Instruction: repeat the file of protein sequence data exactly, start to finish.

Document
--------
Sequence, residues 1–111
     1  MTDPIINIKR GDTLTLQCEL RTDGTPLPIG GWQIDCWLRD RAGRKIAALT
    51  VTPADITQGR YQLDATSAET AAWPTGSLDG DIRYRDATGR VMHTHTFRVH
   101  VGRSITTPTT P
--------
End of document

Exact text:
Sequence, residues 1–111
     1  MTDPIINIKR GDTLTLQCEL RTDGTPLPIG GWQIDCWLRD RAGRKIAALT
    51  VTPADITQGR YQLDATSAET AAWPTGSLDG DIRYRDATGR VMHTHTFRVH
   101  VGRSITTPTT P